Risk Factors for PTE

The strongest risk factor for the development of PTE is the severity of the initial trauma. A 2002 study15 found that risk for PTE had a positive correlation with TBI severity, such that mild, moderate, and severe TBI were associated with a 1.4-fold, 4-fold, and 29-fold increased risk for epilepsy, respectively.

Types of injuries, including skull fracture and intracranial hematoma, are also associated with a higher risk for PTE, as is the occurrence of the first seizure within 7 days of TBI.3 Several studies have also reported a higher risk for seizures occurring after abusive head trauma compared with other injuries caused by falls, bicycle or motor vehicle accidents, or blunt force trauma.16

A particularly interesting risk factor is age, as numerous reviews have consistently reported a higher risk for TBI-associated PTE in young children compared with adults, with reported risks as high as 60%7 Children younger than 5 years appear to be more likely to have a first seizure within 7 days after TBI, which may contribute to the overall increase in this age group compared with those older than 5 years.10 The main mechanism for this may be a higher propensity for inflammation in neonatal nervous systems.

Given these facts, investigators recommend immediate prophylactic treatment postinjury for both children and adults at high risk for PTE with available antiepileptic drugs to reduce the incidence of early seizures, although such therapy has not been shown to prevent future seizures once PTE has started.1,8,9

References

  1. Xu T, Yu X, Ou S, et al. Risk factors for posttraumatic epilepsy: a systematic review and meta-analysis. Epilepsy Behav. 2017;67:1-6.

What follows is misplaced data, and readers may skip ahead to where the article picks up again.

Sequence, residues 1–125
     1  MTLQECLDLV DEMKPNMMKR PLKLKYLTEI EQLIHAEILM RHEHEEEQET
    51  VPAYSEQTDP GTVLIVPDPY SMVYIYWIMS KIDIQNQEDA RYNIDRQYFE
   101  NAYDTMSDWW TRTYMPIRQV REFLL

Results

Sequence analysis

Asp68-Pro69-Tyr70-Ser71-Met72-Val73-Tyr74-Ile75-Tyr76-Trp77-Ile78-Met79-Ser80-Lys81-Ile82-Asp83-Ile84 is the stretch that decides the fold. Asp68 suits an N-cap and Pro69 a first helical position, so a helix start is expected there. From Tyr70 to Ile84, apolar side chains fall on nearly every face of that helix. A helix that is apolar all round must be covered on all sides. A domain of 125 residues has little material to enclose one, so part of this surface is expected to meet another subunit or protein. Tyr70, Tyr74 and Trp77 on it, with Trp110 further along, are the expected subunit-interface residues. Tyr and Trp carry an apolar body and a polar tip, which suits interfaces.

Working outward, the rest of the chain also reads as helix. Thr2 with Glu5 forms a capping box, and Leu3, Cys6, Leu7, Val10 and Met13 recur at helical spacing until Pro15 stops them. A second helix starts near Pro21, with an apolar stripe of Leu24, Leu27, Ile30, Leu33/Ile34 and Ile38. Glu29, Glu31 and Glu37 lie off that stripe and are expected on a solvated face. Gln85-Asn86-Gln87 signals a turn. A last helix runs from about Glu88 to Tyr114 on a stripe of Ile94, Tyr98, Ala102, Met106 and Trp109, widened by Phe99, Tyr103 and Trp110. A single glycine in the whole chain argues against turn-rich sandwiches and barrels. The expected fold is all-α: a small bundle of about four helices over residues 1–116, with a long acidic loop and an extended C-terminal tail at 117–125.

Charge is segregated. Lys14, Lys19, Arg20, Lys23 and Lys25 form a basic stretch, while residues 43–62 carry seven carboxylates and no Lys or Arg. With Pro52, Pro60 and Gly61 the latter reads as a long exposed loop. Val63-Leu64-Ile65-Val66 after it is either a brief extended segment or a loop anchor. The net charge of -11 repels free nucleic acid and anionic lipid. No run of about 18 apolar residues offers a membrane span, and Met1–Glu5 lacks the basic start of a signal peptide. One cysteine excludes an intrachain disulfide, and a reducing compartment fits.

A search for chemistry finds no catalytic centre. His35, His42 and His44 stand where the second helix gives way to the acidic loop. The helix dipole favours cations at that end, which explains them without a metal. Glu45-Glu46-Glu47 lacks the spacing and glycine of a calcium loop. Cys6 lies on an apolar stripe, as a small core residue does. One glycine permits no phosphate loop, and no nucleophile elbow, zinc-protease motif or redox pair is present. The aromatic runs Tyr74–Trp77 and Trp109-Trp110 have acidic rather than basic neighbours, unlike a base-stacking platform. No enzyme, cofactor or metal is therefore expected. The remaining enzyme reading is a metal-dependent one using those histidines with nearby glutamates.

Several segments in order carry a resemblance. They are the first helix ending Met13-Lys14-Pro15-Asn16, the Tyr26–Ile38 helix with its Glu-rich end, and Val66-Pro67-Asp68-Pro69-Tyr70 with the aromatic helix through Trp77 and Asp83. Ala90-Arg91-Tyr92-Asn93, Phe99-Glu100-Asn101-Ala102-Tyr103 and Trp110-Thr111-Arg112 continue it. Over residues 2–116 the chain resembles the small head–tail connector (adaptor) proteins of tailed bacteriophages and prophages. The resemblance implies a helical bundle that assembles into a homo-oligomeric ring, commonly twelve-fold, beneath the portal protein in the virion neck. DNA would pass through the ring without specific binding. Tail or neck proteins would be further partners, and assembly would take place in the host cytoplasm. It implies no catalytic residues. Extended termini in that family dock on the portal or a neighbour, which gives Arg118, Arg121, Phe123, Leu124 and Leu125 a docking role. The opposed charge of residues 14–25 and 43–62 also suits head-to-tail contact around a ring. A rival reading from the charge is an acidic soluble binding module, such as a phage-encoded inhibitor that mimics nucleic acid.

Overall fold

2. Englander J, Bushnik T, Wright JM, Jamison L, Duong TT. Mortality in late post-traumatic seizures. J Neurotrauma. 2009;26:1471-1477.
  3. Lowenstein DH. Epilepsy after head injury: an overview. Epilepsia. 2009;50:4-9.
  4. Christensen J. The epidemiology of posttraumatic epilepsy. Semin Neurol. 2015;35:218-222.
  5. Englander J, Bushnik T, Duong TT, et al. Analyzing risk factors for late posttraumatic seizures: a prospective, multicenter investigation. Arch Phys Med Rehabil. 2003;84:365-373.
  6. Mazzini L, Cossa FM, Angelino E, Campini R, Pastore I, Monaco F. Posttraumatic epilepsy: neuroradiologic and neuropsychological assessment of long-term outcome. Epilepsia. 2003;44:569-574.
  7. Arndt DH, Goodkin HP, Giza CC. Early posttraumatic seizures in the pediatric population. J Child Neurol. 2016;31:46-56.
  8. Arndt DH, Giza CC. Post-traumatic seizures and epilepsy. In: Chapman K, Rho JM, eds, Pediatric Epilepsy Case Studies: From Infancy and Childhood Through Adolescence. Boca Raton, FL: CRC Press; 2008.
  9. Zimmerman LL, Diaz-Arrastia R, Vespa PM. Seizures and the role of anticonvulsants after traumatic brain injury. Neurosurg Clin N Am. 2016;27:499-508.
  10. Jennett B. Early traumatic epilepsy. Incidence and significance after nonmissile injuries. Arch Neurol. 1974;30:394-398.
  11. Webster KM, Sun M, Crack P, et al. Inflammation in epileptogenesis after traumatic brain injury. J Neuroinflammation. 2017;14:10.
  12. Morganti-Kossmann MC, Rancan M, Stahel PF, Kossmann T. Inflammatory response in acute traumatic brain injury: a double-edged sword. Curr Opin Crit Care 2002;8:101-105.
  13. Temkin NR. Antiepileptogenesis and seizure prevention trials with antiepileptic drugs: meta-analysis of controlled trials. Epilepsia. 2001;42:515-524.
  14. Beghi E. Overview of studies to prevent posttraumatic epilepsy. Epilepsia. 2003;44:21-26.
  15. Herman ST. Epilepsy after brain insult: targeting epileptogenesis. Neurology. 2002;59:S21-26.
  16. Arndt DH, Lerner JT, Matsumoto JH, et al. Subclinical early posttraumatic seizures detected by continuous EEG monitoring in a consecutive pediatric cohort. Epilepsia. 2013;54:1780-1788.